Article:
We Have Always Lived in the Castle
- Eddie Harrison
- 28 June 2019
EIFF 2019: Shirley Jackson's final novel becomes an intensely involving mystery drama
Sympathetic magic is the brand of witchcraft practiced in We Have Always Lived in the Castle, the final novel written by Shirley Jackson, published in 1962. It's now a mystery drama directed by Stacie Passon (Concussion) and written by Mark Kruger. Although not a horror film, it's essential viewing for admirers of Netflix's recent adaptation of Jackson's The Haunting of Hill House and American Gothic fiction.
Taissa Farmiga – star of The Nun, American Horror Story and sister of The Conjuring's Vera – plays Merricat, a shrewish creature introduced while furtively burying objects in jars around the grounds of the crumbling Blackwood mansion. Merricat believes these spells protect her family; her parents died in mysterious circumstances, and the only remaining inhabitants are her older sister Constance (Alexandra Daddario) and her wandered Uncle Julian (Crispin Glover). The arrival of brutish cousin Charles (Sebastian Stan) changes the dynamic, and the girls' closeness is tested by his aggressive presence.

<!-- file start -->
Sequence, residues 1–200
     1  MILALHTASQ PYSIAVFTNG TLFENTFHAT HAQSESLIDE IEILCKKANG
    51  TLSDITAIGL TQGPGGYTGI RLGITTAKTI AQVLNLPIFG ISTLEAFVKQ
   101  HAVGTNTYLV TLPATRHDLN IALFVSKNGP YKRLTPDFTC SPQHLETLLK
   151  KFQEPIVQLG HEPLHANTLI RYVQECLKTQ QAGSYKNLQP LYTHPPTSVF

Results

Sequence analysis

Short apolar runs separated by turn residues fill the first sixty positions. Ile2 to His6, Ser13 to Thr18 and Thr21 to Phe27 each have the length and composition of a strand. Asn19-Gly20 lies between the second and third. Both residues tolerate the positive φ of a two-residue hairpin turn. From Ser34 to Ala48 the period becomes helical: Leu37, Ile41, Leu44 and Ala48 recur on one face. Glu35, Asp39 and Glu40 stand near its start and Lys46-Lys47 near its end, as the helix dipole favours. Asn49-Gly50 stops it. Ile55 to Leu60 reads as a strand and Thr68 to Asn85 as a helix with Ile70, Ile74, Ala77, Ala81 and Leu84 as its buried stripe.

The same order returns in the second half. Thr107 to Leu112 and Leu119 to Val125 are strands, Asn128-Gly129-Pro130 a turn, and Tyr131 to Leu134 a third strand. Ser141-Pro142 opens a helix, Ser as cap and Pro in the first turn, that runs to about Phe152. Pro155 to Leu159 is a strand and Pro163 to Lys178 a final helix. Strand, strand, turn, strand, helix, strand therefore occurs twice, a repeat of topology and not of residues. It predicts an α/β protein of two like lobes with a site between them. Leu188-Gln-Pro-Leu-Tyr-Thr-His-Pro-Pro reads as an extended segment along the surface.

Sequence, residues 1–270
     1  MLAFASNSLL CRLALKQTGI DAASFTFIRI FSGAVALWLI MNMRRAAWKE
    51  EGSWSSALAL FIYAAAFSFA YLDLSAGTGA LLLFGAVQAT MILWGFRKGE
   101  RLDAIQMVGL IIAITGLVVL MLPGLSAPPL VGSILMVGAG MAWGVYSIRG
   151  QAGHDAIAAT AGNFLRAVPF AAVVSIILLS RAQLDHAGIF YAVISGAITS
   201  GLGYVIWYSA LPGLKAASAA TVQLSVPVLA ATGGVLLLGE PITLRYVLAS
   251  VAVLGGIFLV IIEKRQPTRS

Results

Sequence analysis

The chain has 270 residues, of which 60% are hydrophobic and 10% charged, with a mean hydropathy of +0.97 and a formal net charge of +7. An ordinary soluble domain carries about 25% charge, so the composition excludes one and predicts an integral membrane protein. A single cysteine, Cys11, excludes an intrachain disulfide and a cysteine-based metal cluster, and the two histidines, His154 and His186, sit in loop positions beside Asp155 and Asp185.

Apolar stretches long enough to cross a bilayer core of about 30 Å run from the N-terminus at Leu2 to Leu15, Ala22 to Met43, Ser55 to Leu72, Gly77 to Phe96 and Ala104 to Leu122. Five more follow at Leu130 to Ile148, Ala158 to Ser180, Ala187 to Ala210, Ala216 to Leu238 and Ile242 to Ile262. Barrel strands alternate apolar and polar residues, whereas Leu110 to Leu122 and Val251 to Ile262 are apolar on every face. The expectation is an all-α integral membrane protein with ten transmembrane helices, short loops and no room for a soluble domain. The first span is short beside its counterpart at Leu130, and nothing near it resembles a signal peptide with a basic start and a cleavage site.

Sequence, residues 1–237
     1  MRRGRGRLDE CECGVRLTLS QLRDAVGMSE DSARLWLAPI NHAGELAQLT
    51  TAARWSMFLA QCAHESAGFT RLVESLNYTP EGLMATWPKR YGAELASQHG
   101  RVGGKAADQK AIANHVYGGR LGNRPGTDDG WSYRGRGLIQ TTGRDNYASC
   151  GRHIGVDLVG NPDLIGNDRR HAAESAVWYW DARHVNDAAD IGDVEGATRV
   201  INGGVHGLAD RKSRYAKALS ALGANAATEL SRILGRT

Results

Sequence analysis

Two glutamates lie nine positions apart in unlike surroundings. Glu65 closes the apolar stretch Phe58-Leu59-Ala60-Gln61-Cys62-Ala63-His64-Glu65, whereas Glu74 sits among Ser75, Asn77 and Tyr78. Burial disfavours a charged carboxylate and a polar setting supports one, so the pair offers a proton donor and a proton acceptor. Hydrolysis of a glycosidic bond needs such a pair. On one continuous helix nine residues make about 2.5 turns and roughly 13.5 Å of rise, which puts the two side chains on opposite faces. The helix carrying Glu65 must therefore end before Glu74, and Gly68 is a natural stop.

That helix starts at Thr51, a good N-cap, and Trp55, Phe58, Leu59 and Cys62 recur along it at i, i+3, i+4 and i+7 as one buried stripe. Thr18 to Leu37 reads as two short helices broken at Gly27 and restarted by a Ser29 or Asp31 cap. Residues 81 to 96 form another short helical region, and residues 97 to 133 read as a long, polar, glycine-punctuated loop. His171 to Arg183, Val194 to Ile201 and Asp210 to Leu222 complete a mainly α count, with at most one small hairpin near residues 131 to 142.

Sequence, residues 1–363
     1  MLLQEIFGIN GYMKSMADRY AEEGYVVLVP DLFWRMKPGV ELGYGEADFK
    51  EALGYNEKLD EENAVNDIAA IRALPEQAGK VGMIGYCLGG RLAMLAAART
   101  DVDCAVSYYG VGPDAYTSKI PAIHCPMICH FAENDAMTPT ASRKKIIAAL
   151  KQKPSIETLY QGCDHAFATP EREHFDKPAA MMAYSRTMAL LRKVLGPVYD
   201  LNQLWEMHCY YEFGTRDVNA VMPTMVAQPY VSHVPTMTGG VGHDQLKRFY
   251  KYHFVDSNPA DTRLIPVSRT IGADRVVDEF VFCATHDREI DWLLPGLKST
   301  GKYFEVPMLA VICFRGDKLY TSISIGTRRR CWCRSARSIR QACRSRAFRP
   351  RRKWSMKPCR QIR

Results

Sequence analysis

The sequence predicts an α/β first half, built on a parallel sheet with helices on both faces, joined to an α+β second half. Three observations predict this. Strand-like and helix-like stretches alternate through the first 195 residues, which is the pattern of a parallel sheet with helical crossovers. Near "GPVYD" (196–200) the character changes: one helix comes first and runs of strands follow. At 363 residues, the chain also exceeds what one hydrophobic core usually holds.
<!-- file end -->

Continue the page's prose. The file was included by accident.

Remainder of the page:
Anyone in the market for noisy jump scares, glowing eyes and computer-generated demons should look elsewhere; Passon and Kruger have created a visually austere, but intensely involving film with slow-burning anxieties that pay off in a fiery climax. Farmiga and Daddario are both stand-outs, while Glover is perfectly cast as the rambling, failing Julian.
The commercial failure of 2018's The Little Stranger indicates the potential problems with such sophisticated, literate genre entries: too elaborate for all but high-brow cineastes and with not enough meat to satisfy the horror crowd. We Have Always Lived in the Castle faces similar issues, but the sheer quality of this adaptation helps it transcend genre boundaries. Careful writing and production captures the deceptive tone of Jackson's opaque prose, and delivering the complex sentiments of one of her most personal books intact deserves the highest of commendations.
Screening on Thu 27 and Fri 28 Jun as part of the Edinburgh International Film Festival 2019. General release TBC.